Generally, the types of regulated activities in onshore UAE, the DIFC and the ADGM include, among other things:

  • the marketing and sale of securities;
  • providing investment advice;
  • dealing in products and investments (either as principal or agent);
  • underwriting and placing financial products;
  • offering and providing discretionary investment management services;
  • marketing or selling funds (including the provision of investment advice);
  • accepting deposits;
  • providing credit;
  • providing money services;
  • arranging deals in investments;
  • managing assets;
  • managing a collective investment fund;
  • advising on financial products; and
  • insurance intermediation.


Securities and financial products that are regulated by the respective financial services regulators across onshore UAE, the DIFC and the ADGM include, but are not limited to, equity securities, debt securities, linked products, derivatives, structured products, deposits, notes and warrants.

Consumer lending

Is consumer lending regulated in your jurisdiction?

Yes. Article 65 of UAE Decretal Federal Law No. 14 of 2018 Regarding the Central Bank and Organisation of Financial Institutions and Activities provides that the UAE Central Bank will regulate, among other things, the activities of ‘providing credit facilities of all types’, ‘providing stored values services, electronic retail payments and digital money services’ and ‘providing virtual banking services’.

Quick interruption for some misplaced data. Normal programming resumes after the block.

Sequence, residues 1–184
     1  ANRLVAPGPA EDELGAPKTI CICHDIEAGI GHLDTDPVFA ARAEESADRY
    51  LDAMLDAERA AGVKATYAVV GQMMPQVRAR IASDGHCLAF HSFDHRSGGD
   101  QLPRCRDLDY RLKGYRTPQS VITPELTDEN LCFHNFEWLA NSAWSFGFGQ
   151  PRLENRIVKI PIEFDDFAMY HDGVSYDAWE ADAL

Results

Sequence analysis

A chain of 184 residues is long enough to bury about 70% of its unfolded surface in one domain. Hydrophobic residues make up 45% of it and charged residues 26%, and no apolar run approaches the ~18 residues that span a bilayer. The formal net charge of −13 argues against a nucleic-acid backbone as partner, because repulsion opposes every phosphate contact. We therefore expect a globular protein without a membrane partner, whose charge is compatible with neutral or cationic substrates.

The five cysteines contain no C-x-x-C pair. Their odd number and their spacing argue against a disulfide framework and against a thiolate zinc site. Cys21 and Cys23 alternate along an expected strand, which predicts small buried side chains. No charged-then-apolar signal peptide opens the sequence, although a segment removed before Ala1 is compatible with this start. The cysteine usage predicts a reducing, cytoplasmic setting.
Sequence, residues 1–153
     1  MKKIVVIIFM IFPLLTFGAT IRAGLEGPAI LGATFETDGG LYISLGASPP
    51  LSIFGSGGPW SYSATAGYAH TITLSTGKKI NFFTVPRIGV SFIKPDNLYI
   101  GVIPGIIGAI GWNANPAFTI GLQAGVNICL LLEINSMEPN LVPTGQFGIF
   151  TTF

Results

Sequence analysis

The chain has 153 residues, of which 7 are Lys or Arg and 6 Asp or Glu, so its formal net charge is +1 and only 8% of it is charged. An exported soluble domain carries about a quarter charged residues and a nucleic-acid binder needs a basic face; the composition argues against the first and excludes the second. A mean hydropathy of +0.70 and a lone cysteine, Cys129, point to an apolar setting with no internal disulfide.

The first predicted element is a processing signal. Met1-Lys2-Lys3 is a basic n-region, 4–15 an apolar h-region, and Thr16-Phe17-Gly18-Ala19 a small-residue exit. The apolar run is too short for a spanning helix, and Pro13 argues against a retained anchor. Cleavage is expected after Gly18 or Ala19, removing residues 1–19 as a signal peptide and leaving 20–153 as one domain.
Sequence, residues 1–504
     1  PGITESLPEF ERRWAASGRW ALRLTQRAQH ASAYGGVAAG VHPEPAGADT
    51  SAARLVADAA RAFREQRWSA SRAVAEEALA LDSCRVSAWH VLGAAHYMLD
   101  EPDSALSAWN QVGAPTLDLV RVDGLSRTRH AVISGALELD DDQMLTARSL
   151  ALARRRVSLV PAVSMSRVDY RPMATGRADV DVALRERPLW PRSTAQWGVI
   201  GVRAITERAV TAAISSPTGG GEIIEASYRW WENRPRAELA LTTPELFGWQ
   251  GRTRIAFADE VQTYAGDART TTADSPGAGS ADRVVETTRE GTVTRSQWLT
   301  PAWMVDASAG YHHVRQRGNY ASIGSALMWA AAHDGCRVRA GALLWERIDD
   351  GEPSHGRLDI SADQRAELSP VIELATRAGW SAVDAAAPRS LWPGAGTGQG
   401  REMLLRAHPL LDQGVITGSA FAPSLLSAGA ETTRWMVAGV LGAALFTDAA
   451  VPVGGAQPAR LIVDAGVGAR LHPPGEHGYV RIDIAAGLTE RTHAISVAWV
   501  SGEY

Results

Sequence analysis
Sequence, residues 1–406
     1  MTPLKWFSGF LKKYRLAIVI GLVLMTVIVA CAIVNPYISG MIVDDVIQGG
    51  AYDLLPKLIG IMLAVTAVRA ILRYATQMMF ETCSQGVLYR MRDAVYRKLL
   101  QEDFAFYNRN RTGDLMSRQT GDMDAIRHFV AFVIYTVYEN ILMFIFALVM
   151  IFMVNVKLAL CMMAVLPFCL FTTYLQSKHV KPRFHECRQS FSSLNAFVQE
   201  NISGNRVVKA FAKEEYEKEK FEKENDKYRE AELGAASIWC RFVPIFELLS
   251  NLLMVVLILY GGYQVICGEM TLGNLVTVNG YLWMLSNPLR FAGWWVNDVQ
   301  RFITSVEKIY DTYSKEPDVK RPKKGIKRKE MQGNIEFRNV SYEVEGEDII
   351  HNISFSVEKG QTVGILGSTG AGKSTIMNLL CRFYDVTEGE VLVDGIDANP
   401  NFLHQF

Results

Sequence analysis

With regard to the provision and booking of these services ‘in or from’ either the DIFC or the ADGM, these activities are likely to be considered as ‘providing credit’, which will require a licence from either the DFSA or FSRA respectively. To the extent that these services are only ‘advised’ on or ‘arranged’ from the same jurisdictions, an appropriate licence would also be required from either the DFSA or FSRA. If these services are merely promoted (with no ‘advising’ or ‘arranging’) ‘in or from’ either financial free zone, unless an exemption applies, a Representative Office licence would be required from either the DFSA or the FSRA respectively.

In November 2020, the UAE Central Bank issued the Consumer Protection Regulations 2020 to ensure the protection of consumers’ interests in their use of any financial product, service or relationship with licensed financial institutions. This ensures that ensure that the licensed financial institutions’ approach to consumer protection is in line with international standards. Along with the objective of promoting a culture within licensed financial institutions of respecting and acting in the best interest of consumers, it specifically aims to protect consumers by defining the institutional obligations for the protection of consumers.

Secondary market loan trading

Are there restrictions on trading loans in the secondary market in your jurisdiction?